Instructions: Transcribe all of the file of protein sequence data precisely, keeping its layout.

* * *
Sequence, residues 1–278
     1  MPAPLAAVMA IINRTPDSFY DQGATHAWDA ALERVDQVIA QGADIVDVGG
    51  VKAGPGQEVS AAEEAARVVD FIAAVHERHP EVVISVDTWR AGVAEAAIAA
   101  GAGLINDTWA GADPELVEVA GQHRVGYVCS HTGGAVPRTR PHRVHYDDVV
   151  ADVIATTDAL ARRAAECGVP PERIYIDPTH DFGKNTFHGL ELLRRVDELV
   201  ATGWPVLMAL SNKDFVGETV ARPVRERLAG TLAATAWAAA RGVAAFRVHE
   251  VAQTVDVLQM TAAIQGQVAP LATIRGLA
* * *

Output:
Sequence, residues 1–278
     1  MPAPLAAVMA IINRTPDSFY DQGATHAWDA ALERVDQVIA QGADIVDVGG
    51  VKAGPGQEVS AAEEAARVVD FIAAVHERHP EVVISVDTWR AGVAEAAIAA
   101  GAGLINDTWA GADPELVEVA GQHRVGYVCS HTGGAVPRTR PHRVHYDDVV
   151  ADVIATTDAL ARRAAECGVP PERIYIDPTH DFGKNTFHGL ELLRRVDELV
   201  ATGWPVLMAL SNKDFVGETV ARPVRERLAG TLAATAWAAA RGVAAFRVHE
   251  VAQTVDVLQM TAAIQGQVAP LATIRGLA